Childhood Abuse, Neglect, and Maternal Sensitivity as Antecedents of Scripted Romantic Attachment Representations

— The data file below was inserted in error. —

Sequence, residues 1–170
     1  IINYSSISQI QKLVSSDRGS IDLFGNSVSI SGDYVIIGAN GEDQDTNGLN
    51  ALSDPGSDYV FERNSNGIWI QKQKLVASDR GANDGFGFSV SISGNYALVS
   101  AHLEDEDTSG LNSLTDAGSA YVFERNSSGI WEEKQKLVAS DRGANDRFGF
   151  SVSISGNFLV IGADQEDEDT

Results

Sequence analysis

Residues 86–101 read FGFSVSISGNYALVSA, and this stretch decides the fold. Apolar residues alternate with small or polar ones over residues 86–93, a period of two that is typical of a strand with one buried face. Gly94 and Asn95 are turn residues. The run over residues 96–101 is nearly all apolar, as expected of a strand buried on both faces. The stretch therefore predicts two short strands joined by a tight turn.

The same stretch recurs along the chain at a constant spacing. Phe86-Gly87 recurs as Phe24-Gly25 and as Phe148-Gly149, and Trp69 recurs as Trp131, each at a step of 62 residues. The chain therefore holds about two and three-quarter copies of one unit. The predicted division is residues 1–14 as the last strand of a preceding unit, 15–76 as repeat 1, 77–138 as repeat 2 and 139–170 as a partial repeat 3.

Within attachment theory, a new way of operationalizing adult attachment representations (i.e., secure base script knowledge) has emerged as a way of coding for attachment with greater efficiency and comparable validity to traditional coding methods. Recently, a secure base script knowledge coding scheme was developed and validated for use in relation to the Current Relationships Interview (CRIsbs; Nivison et al., in press), an interview focused on adults’ romantic relationships. However, the extent to which CRIsbs has its origins in early caregiving experiences—specifically, experiences of abuse and/or neglect, and maternal sensitivity—has not yet been examined. Using data from the Minnesota Longitudinal Study of Risk and Adaptation (MLSRA; n = 116 participants; 48% female, 69% White, non-Hispanic), the present study aims to examine associations between these caregiving antecedents and CRIsbs. Furthermore, this report examines whether different parameterizations of abuse and/or neglect (i.e., perpetrator, developmental timing, and subtype) are uniquely associated with CRIsbs. Results demonstrated that CRIsbs was not significantly associated with total experiences of abuse and/or neglect (r = -0.09) nor maternal sensitivity (r = 0.12). Finally, CRIsbs was not significantly associated with any specific parametrization of abuse (i.e., perpetrator [r = -0.07 - 0.01], developmental timing [r = -0.13 - 0.01], or type of abuse [r = -0.10 - 0.02]).